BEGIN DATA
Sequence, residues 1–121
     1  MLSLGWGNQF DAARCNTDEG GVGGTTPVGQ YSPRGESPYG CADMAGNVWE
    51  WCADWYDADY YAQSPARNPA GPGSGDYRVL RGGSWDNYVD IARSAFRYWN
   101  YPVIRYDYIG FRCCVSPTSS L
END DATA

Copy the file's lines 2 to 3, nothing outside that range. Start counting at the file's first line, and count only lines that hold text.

     1  MLSLGWGNQF DAARCNTDEG GVGGTTPVGQ YSPRGESPYG CADMAGNVWE
    51  WCADWYDADY YAQSPARNPA GPGSGDYRVL RGGSWDNYVD IARSAFRYWN